Hukkat: Seeing the voice of God
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Hukkat: Seeing the voice of God

Congregation Beth Shalom, Pompton Lakes, Conservative

We often get too complacent in our readings of the Torah. Such is the case with this week’s portion, easily one of my favorites (due in large measure to its impenetrability and obscurity). Examples of moral discomfort or outrage, along with too cursory a reading, doom many people to not confronting the crucial questions that stare us in the face, blunting our rational minds and our ethical hearts. But the Torah — and we, ourselves — deserve better! Up until this juncture in the Book of Numbers (Bamidbar), various Israelites have challenged Moses, unsuccessfully, as the putative leader of the nation in their desert travels between Egypt and the Promised Land of Canaan. His ingenuity, his earnestness and humility, and his leadership skills always manage to bring him through each crisis not merely unscathed, but often stronger in the eyes of the people, as sometimes might happen in a candidates’ debate.

Now, however, after many revolts, we learn that being in proximity to a dead body forces a distancing from the holiness of the sanctuary that only an inexplicable and irrational ritual — using a purely red cow and fresh “living” water — can dispel. Such a fate befalls Moses when his sister Miriam dies and there is a concurrent lack of water! What is even the finest leader to do?

Some people will no doubt recall the midrashic connection of the two ideas: that the miraculous well of water that has accompanied the people on their travels due to Miriam’s merit dried up upon her death. One version of this text, quoted by Rabbi Gedalya Shor in his Or Gedalyahu, explains that three miracles were sustained by the three leaders of the generation of the desert: Miriam’s spring of water, Aaron’s Clouds of Glory (that protected and guided them), and the manna that fed them in honor of Moses. These were special gifts to the Israelites for the duration of their wanderings, but became unnecessary as the desert generation gave way to those about to enter the landX.

A leader with his wits about him might look at the death of Miriam and the disappearance of the water as a positive sign that their long trek in the wilderness is coming to its conclusion, and they’ll soon set foot in their own homeland. But Moses, after all, is human, too. When the people kvetch at him as he is sitting shiva for his older sister, he snaps back at them and his fate is sealed: “Listen here, you rebels, shall we bring you water out of this rock?” Instead of speaking to the rock, as God had instructed, he hits the rock, bringing forth copious water for the people and their animals. A good outcome for a leader, no?

Well, no.

God becomes angry at Moses and Aaron, telling them that because of what they did, they would die with the generation that left Egypt and would never set foot in the Promised Land. This is seen by most people as a punishment, and in some sense unfair. Moses got the people water, from a rock, keeping them alive, miraculously. Problem solved, leadership accomplished!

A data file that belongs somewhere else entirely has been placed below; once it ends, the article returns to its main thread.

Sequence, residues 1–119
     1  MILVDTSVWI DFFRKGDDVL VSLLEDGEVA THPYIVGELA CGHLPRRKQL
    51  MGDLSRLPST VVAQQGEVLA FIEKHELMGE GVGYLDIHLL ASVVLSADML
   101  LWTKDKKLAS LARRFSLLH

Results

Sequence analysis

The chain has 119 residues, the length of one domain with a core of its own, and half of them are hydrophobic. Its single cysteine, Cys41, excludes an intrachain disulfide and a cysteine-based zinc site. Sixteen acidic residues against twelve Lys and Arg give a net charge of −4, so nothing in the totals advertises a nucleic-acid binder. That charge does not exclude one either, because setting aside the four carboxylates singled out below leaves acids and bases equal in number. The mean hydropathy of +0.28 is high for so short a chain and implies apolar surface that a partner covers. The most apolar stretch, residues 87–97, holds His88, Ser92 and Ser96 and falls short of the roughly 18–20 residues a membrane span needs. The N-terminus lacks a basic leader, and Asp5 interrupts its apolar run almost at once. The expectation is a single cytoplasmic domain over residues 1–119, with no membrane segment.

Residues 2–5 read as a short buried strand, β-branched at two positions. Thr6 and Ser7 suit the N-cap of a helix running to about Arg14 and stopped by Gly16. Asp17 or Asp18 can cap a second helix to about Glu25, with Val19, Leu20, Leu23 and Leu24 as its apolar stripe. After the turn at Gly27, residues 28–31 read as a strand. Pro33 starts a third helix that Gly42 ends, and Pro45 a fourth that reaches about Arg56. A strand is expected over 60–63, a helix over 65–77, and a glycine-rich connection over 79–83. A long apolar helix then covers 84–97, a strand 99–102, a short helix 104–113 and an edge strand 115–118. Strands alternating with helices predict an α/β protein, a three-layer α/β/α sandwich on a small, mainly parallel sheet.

What do we miss when we analyze the situation this way? Rabbi Meir Simcha ha-Kohen of Dvinsk points out the rather unusual wording in the verse where God commands Moses to provide water: “ve-dibartem el ha-sela le-eineihem — Speak to the rock so they can see (Num- bers 20:8).” Just as in the revelation at Mount Sinai, this miracle is to take place by the people seeing the sounds of speech. Just as in that moment, the human senses become overloaded at the divine voice and a synesthesia occurs whereby one type of sensory information is perceived by a different sense pathway by everyone there. This is a sure sign that God is speaking, even though the voice is emanating from Moses’ throat. Performing the miracle of bringing water to the people is not enough! Yes, leaders must “produce” and “accomplish.” Yes, the miraculous support to address the peoples’ needs must be met. But not, says Rabbi Meir Simcha, “by any means necessary.”

A miracle that provides for the people is not enough, even if it is a miracle. Providing food and water for an entire nation is, indeed, a miracle. It’s something that God accomplishes day in and day out (see Ashrei: “You open your hand and provide for every living being that which satisfies it.”) But a leader who opens his mouth and does not emanate a Divine voice detracts from the people’s perception of the truth. And that is inexcusable!

It is neither Moses nor his magical staff that bring about the quite unexpected miracle. It is always, as originally, the voice of God speaking through the leader that must be demonstrated. When a politician’s voice only reflects him — or herself — all the greater perspective and opportunities are forfeit and the leader has failed to lead. It is an impossible standard, but one that all great mayors and presidents have embodied. We should expect no less of those who would deign to lead us: “(S)he opens her mouth with wisdom, and Torah of lovingkindness is on her tongue.” Absent that, every moment that passes hides and thus destroys a potential Sinai, bringing darkness to the world.

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